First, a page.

The Christmas holiday is over, but the shelves are full of automotive toys at Cobo Center for the 2014 North American International Auto Show. If November’s Los Angeles Auto Show is all about Hollywood green and April’s New York show bows to Park Avenue luxury, then Detroit honors corn-fed American swagger. It’s where the world’s automakers come to show off their trucks, performance cars, and family haulers.
Detroit has gone from zero-to-wow in four short years.
Reborn from the ashes of the Great Recession, American automakers are leading an extraordinary convergence of automotive hardware and electronic technology. The dashboard embraces iPad design. Horsepower joins chip power. The Industrial Revolution meets the Digital Revolution.
Where taxpayer-funding compelled companies to show half-baked green displays (who can forget GM’s push for ethanol power?) in lieu of their meat-and-potatoes products, automakers this year are bringing innovation on their own terms to pickups, sports cars and luxury vehicles. The Detroit show offers everything to every customer with displays of tech, power and connectivity in vehicles across every segment. Increasingly, all those things can be found in a single vehicle.
Take the new Ford F-150, which sports an all-aluminum skin (once found only in small-volume super-cars), all LED lights (once found only in luxury sedans) and a powerful, turbocharged V-6 engine (once found only in sports sedans). Or the luxurious, dual-climate control, 625-horsepower Corvette Z06. Or the loaded, rotary-dial shifting, roomy, sculpted Chrysler 200 ... That’s right, even the midsize grocery haulers are sexy. So grab the kids and get down to the Greatest Show on Earth. Here’s your program. Here are the highlights:
After ogling Cobo’s airy, Metro Airport-like makeover (you half expect a 747 to be parked at the south bay window), plunge into the show at the central Macomb Hall entrance.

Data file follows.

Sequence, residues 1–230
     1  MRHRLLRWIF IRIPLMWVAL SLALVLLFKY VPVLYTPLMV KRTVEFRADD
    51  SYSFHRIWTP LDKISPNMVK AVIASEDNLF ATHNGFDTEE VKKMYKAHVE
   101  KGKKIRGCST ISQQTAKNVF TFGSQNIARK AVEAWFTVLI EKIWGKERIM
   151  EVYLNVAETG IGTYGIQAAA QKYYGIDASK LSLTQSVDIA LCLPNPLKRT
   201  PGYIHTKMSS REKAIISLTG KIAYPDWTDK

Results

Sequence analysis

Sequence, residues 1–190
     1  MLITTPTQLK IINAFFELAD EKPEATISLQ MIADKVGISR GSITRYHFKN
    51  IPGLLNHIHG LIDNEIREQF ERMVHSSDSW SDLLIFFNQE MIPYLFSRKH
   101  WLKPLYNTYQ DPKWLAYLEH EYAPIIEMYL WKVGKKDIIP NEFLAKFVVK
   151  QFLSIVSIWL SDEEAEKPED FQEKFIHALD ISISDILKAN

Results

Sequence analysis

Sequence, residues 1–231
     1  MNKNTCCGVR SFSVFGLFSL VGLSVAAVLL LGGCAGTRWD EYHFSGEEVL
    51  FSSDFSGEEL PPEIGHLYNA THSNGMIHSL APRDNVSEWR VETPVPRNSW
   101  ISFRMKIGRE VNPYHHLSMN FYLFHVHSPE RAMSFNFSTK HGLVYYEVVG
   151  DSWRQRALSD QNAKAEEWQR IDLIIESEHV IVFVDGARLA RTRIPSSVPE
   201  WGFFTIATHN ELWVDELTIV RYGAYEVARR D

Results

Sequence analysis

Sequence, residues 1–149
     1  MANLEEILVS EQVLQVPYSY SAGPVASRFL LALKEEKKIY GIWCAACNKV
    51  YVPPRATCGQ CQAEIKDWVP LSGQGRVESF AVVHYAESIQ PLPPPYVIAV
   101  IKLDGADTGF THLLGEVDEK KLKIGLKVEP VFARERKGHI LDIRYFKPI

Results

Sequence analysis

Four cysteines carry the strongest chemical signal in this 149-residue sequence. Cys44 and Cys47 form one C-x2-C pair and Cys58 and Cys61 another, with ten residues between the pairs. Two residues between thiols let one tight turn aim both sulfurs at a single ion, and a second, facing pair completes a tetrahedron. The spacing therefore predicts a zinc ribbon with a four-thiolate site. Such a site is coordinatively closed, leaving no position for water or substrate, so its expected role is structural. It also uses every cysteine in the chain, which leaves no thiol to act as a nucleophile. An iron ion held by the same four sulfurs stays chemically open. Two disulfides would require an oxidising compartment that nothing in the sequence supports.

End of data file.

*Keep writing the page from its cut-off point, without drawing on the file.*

Behold the most beautiful sedans on the planet.
Acura, Cadillac, Tesla, BMW, Audi, and BMW displays flank the carpeted aisle. It’s like you’ve died and gone to luxury heaven. Did I mention Bentley is wedged in there too? Its land yachts seem old school in such athletic company.
The stunning Caddy CTS was my 2013 Detroit News Car of the Year and it holds its own in this rare air. Indeed, Cadillac’s show introduction of its more modern logo complements the sedan’s cutting-edge styling. The logo adorns the grille of the new ATS coupe, but the two-door is a reminder of how much ground is still to be made on class-leader BMW and Audi. The German brands not only have coupe versions of their best-selling 3-series and A4 sedans, but that they have created whole new numerologies to market the coupes (4-series for BMW coupes, A5 for Audi) and their earth-pawing BMW M and Audi S sports versions. BMW chose Detroit to debut its new M3 and M4, stealing Caddy’s thunder.
The competition is also stiff for Cadillac’s sharp, new $75K ELR plug-in — call it a Volt in a tuxedo. Next door lurks the $70K Tesla Model S, the darling of the country club, and BMW’s electrified i-series. The 357-horsepower i8, Bimmer’s first super-car in 35 years, will bring grown men to their knees.